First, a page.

(10)  "Nature Study in Garbage Dump"

We'd all heard that Camp Menogyn had a garbage dump on a hillside a few hundred yards away, and that it was often visited at night by bears. When you have two young guides, city kids raised in South Minneapolis, with time on their hands, does that sound like an invitation?

Tom Olson was my best friend among the camp staff. Blond, blue-eyed, Scandinavian Tom was a friend from Minneapolis, and had taught me about stereo, classical music, and the bawdy song albums of Tom Lehrer and others. For some reason Tom and I were at the base camp for a few days with nothing much to do. I had a flash camera, and we thought it might be exciting to watch the bears and take their pictures.

At the dump we found an ideal spot for a platform high in an adjacent tree. We scrounged some boards and tools, and constructed the platform and a ladder. Then we began to worry about getting surrounded by bears, held prisoner in the tree, maybe eaten for dinner. Something was missing. An escape vehicle. We needed a BOSUN'S CHAIR!

The lake was some 50 or 60 feet below the tree stand. If we could string a rope from our tree to one on the shoreline and ride an attached swing seat on a pulley, we could make our getaway by canoe.  We found some ropes and a pulley. However, there were two pine trees directly in our path. About 6" in diameter, we cut them with our axes as close to the ground as possible. We stretched the rope between our stand and one close to the lake as tightly as possible, and gave the Bosun's chair its first trial.

There were two minor flaws in the design. 1) a person's weight made the rope sag so much that the seat barely cleared the tree stump, making castration a good possibility, and 2) when you got to the bottom, there was no way to stop. Nevertheless, the Bosun's chair gave us a sense of security, and we tried our first photo shoot.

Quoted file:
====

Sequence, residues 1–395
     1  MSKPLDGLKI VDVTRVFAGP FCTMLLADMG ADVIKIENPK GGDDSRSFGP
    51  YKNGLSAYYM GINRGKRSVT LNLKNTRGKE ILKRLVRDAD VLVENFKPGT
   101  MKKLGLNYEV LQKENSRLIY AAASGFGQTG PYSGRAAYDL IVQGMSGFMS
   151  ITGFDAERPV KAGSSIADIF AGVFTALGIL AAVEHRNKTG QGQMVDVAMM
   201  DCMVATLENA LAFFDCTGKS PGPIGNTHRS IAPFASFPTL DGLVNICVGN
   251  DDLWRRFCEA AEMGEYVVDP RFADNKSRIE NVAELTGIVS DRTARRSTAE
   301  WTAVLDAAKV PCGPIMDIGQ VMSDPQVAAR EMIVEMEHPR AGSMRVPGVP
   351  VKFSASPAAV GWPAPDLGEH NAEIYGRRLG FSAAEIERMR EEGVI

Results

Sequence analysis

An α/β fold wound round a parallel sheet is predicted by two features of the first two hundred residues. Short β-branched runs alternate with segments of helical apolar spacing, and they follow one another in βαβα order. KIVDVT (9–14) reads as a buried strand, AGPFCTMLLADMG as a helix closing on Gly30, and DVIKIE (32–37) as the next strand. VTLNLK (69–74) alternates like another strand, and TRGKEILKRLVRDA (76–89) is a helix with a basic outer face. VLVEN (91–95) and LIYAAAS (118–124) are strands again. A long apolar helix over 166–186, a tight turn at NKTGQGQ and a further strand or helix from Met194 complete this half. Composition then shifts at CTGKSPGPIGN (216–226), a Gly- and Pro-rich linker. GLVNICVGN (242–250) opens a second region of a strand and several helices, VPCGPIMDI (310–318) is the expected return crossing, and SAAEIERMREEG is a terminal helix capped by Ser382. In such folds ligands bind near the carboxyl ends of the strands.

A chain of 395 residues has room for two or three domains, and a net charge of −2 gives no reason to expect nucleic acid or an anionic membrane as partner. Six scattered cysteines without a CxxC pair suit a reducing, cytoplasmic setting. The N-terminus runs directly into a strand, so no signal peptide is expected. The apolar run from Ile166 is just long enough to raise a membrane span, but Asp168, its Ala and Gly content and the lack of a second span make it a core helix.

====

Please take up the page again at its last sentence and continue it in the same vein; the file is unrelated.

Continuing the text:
It had been dark for a long time, and it was getting cold in the tree stand. Finally we saw several bears, including two cubs waddling towards the dump. At the first sound of the shutter and the flash of the bulb, the cubs shot straight up a tree. In seconds they were way above us. Our stand didn't feel safe anymore. I don't recall exactly how we got out of there, but we didn't repeat the experience.

Later Later, the Camp Director took me to the woodshed about it. That summer I'd cut down many pine trees at least that size for firewood, but not, of course, on Camp property. Phil's problem was that it exposed the unsightly dump to view from the lake. Hiding the dump was the last thing on our minds. I was filled with regret, and felt guilty about it for years.

Starting now, 2010, I am going to stop feeling guilty for several reasons.  First of all, if the camp dump is still there, in 53 years there should be plenty of new trees to replace the two we cut. Secondly, the Camp Menogyn philosophy has always been to be eco-friendly, and to leave every campsite cleaner than before, which I always did. By exposing the Camp's dirty little secret to the world, Tom and I may well have caused the management to rethink their waste management. By now the Camp should have a superior program of recycling and disposal that does not stink, and does not attract bears, all thanks to us.

I'd like to go a step further and request that the camp erect a plaque to commemorate Tom Olson and Jim Sudmeier, inspirers of the current, improved waste disposal facility. To raise money for the plaque, they could revive the Bosun's Chair -- maybe charge a buck a ride, with the warning: RIDE AT YOUR OWN RISK!